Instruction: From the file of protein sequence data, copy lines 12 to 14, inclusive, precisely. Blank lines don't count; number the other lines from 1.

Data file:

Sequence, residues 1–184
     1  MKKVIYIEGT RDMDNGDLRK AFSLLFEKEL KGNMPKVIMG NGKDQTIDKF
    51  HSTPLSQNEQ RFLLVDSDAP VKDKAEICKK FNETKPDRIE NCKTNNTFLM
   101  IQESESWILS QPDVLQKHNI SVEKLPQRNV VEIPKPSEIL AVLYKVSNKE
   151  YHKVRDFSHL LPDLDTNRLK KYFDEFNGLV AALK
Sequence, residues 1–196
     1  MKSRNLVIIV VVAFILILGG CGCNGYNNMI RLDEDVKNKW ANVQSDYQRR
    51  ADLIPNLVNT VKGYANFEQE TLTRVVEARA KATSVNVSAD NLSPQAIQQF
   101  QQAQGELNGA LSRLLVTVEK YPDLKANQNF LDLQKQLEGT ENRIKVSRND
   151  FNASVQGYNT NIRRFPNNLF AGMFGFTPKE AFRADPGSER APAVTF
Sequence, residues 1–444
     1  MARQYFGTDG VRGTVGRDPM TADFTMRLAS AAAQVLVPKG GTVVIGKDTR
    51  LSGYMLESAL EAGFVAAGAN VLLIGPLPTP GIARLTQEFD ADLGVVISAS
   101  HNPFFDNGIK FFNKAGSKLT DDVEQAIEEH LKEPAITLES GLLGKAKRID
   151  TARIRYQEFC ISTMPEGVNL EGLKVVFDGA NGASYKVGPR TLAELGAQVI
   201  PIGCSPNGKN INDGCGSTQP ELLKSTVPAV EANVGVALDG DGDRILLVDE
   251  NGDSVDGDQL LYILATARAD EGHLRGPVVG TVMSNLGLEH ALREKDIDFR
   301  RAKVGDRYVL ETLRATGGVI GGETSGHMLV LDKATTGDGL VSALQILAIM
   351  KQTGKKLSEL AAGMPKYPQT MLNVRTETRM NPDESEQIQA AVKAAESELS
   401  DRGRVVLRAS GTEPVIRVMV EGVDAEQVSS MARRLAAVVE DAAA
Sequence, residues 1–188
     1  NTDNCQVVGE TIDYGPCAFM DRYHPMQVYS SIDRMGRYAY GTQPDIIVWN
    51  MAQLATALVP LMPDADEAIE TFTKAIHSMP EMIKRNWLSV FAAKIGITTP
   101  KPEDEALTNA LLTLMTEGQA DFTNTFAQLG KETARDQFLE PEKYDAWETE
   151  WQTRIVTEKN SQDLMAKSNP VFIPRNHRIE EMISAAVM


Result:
     1  MARQYFGTDG VRGTVGRDPM TADFTMRLAS AAAQVLVPKG GTVVIGKDTR
    51  LSGYMLESAL EAGFVAAGAN VLLIGPLPTP GIARLTQEFD ADLGVVISAS
   101  HNPFFDNGIK FFNKAGSKLT DDVEQAIEEH LKEPAITLES GLLGKAKRID